Friday, 6 February 2015

Seeing through change in a program is a massive leadership challenge. In addition to the need to manage a large number of complex activities and tasks, people have to be motivated, led and prepared towards the necessary transformation. It is impossible to move to a better future without clear and transparent leadership. The kind of leadership that is required in program management is the one that always:
  • Gives clear direction (line of sight) and clarifies its (program) purpose
  • Engenders trust with consistent and transparent behaviors
  • Manages by exception
  • Provides provision for reviews at major decision points
  • Actively engages stakeholders (throughout the program)
  • Appoints the right people at the right time
  • Can live with a measure of uncertainty (Risk taking behavior)
  • Solves problems and creates novel solutions
  • Delegates responsibilities where necessary whilst retaining overall control
  • Supports the transition until new methods are established and embedded.
  • Clear focus on benefits and uncertainties surrounding them
General Leadership responsibilities (a few)
  • Confirm tolerances with senior management
  • Approve initiation documentation
  • Approve Plans for initiation
  • Approve the supplier contract (if the relationship between the customer and supplier is a commercial one)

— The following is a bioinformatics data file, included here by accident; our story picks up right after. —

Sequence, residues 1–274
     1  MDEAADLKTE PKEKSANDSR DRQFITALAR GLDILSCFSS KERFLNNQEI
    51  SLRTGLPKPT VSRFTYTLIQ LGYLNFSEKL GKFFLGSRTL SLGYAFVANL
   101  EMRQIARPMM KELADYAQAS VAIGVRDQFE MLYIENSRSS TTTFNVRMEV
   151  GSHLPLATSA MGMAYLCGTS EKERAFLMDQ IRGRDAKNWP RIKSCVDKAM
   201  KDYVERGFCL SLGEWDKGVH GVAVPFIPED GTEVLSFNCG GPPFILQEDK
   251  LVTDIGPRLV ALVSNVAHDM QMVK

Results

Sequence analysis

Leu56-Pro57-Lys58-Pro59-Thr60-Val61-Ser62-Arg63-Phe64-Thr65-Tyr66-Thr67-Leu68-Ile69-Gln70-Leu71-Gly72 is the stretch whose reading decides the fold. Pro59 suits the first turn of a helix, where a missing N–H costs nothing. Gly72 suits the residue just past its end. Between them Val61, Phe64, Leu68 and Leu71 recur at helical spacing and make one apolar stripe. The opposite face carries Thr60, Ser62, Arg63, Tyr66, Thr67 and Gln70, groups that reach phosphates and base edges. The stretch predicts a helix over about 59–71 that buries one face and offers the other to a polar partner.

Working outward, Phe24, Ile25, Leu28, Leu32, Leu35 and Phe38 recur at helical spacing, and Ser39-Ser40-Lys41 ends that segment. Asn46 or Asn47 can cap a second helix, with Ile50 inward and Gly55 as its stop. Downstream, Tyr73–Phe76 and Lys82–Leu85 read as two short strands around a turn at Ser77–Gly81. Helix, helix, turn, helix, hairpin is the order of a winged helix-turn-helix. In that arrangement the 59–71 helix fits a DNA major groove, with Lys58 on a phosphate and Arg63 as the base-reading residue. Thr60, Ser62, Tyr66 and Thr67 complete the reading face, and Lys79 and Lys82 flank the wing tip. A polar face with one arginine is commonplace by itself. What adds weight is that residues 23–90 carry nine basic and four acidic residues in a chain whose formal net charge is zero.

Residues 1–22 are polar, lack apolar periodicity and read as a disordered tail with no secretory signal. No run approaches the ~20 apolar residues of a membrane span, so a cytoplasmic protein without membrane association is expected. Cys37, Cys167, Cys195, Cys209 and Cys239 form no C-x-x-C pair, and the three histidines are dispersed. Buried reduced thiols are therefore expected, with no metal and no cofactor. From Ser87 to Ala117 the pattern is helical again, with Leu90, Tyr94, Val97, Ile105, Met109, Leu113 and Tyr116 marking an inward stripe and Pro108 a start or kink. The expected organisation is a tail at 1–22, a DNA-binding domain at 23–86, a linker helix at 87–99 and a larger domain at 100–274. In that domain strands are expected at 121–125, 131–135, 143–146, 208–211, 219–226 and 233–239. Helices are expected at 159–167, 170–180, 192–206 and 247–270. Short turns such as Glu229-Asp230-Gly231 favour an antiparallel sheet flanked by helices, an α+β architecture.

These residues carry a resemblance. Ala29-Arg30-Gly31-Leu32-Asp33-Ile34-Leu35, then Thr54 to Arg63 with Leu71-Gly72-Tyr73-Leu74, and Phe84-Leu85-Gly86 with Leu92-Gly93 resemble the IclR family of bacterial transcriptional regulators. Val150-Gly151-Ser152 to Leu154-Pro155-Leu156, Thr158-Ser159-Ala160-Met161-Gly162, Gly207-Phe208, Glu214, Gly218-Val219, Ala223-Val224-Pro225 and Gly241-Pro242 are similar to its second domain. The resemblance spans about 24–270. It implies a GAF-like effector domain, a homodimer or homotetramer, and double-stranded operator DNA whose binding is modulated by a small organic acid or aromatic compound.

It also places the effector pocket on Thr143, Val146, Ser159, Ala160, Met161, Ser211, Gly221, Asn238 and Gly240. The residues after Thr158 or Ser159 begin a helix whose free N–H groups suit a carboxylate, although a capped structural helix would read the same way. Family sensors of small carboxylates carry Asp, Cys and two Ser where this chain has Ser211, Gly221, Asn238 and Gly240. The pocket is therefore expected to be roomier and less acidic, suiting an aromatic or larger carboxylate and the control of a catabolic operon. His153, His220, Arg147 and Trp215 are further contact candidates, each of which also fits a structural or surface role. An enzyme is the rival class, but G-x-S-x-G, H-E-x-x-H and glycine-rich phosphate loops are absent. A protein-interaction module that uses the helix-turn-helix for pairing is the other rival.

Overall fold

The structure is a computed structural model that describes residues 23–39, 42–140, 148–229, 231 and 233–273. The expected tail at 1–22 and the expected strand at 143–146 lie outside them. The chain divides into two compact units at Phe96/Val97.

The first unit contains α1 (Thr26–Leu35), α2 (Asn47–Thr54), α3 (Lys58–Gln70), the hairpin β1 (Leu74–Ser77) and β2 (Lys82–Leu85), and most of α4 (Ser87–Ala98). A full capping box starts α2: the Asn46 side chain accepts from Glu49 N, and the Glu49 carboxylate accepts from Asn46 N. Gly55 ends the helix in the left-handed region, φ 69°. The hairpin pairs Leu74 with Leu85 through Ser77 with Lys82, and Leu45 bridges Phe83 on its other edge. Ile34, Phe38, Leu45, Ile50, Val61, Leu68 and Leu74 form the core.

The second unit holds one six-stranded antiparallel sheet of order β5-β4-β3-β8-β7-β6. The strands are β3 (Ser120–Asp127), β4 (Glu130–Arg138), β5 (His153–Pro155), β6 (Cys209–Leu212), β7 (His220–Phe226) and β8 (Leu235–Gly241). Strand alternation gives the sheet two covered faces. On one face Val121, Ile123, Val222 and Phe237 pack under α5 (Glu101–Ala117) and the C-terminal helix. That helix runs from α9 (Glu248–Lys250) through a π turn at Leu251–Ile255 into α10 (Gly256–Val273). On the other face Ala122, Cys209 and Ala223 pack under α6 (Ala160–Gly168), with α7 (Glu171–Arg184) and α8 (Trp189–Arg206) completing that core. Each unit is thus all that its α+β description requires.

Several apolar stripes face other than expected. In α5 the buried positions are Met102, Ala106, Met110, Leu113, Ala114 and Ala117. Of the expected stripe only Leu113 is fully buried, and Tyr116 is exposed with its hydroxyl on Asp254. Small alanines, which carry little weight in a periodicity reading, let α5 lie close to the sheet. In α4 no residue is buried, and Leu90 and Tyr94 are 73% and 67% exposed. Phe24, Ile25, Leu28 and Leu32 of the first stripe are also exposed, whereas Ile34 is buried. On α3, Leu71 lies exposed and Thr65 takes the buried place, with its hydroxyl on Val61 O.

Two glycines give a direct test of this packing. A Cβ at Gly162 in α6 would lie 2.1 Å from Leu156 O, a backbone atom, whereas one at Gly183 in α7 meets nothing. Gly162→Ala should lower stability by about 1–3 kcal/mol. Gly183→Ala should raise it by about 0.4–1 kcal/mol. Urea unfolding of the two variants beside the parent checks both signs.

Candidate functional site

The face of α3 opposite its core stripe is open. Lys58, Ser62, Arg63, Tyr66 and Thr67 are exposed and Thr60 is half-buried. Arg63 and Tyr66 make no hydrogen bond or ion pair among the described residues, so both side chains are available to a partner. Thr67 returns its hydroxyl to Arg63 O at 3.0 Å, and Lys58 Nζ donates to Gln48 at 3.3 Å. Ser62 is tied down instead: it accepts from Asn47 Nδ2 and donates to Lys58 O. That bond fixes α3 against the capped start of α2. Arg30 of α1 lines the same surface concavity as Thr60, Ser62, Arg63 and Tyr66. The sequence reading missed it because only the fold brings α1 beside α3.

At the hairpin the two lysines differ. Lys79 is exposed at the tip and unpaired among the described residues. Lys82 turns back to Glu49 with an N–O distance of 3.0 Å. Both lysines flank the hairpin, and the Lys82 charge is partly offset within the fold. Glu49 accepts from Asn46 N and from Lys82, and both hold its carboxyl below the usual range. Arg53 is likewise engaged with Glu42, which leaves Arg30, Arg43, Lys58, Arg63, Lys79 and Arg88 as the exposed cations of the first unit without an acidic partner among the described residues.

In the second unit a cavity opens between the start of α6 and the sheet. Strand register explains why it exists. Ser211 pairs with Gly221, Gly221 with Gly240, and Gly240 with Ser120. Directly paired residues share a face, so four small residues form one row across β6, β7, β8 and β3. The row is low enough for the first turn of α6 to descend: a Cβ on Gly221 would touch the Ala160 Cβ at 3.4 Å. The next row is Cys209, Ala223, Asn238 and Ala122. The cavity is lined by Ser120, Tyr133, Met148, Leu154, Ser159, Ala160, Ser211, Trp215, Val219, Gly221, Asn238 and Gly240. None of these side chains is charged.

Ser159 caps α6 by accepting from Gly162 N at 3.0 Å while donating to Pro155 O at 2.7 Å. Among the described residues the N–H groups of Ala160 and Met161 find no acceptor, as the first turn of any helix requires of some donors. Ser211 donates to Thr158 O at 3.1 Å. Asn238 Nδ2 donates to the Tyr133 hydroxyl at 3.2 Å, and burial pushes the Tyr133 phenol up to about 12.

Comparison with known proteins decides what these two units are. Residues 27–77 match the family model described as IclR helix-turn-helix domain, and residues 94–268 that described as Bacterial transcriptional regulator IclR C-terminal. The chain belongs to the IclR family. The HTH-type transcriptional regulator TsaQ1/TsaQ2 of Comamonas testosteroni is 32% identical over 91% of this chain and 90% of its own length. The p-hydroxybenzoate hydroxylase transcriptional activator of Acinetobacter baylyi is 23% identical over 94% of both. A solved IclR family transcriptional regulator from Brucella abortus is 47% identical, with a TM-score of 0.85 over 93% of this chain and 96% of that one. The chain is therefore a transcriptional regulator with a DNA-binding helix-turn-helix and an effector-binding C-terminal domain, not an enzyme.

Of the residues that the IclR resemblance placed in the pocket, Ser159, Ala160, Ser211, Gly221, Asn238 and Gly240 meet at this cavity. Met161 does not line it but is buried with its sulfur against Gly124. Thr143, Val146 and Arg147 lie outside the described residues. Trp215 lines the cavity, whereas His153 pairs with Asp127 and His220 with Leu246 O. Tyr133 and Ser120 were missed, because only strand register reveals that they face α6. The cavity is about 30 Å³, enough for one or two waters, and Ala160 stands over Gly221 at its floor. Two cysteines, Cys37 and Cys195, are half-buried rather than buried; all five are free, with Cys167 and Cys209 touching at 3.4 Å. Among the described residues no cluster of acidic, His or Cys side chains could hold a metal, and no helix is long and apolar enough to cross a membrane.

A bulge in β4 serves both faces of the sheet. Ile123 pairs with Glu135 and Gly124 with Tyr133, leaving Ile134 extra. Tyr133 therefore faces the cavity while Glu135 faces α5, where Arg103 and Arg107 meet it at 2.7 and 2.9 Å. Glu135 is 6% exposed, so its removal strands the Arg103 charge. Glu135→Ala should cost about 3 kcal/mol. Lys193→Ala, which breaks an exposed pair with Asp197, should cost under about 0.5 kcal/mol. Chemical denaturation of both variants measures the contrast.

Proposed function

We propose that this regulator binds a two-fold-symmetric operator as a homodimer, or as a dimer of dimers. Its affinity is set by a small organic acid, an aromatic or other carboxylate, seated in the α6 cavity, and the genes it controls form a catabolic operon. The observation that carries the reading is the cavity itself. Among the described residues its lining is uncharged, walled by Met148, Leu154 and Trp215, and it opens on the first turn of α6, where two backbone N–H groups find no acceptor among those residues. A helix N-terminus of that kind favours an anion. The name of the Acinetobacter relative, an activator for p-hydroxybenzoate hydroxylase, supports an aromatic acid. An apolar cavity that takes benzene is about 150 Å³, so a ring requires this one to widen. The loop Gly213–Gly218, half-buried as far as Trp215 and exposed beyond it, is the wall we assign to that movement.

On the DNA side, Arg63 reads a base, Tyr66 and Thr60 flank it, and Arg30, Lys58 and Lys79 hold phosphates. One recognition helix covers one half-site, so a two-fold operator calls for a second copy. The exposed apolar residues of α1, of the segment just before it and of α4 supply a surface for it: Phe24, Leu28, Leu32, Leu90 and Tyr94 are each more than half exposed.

• Provide overall guidance and direction, ensuring program remains viable and within any specified constraints
  • Respond to requests for advice from the Program Manager
  • Ensure that risks are being tracked and managed as effectively as possible
  • Make decisions on escalated issues and risks
  • Authorizes the program governance arrangement and its adjustment, improvement and enforcement
  • Intervenes to control risks and issues that affect the alignment of the program with organizational objectives
  • Initiates assurance reviews of risk and issue management effectiveness
  • Ownership of strategic risks and issues, ensuring mitigation actions are dealt with at the appropriate senior level
  • Consulting the senior management and other key stakeholders, maintaining their buy-in, especially in preparing for and carrying out transition and transformation
  • Leading the ongoing monitoring and review activities of the program, at major milestones including commissioning formal reviews such as audits/health checks, if required
  • Monitoring progress and direction of the program at a strategic level and initiating management interventions where necessary
  • Ensuring that adequate assurance is designed into the control mechanisms
  • Authorizing the program plan, and the required monitoring and control activities
  • Securing investment for the program
  • Ensuring that the business case is controlled and audit provisions are in place to account for changes as the program develops
  • Scanning the business horizons surrounding the program for issues that will lead to realignment of the program in some way
  • Ensuring that the progress of the program remains aligned with the business case
  • Consulting with the senior management to identify any early-warning indicators of change that may undermine the business case or cause it to lose strategic alignment
  • Initiating independent assurance reviews of business case and therefore the program viability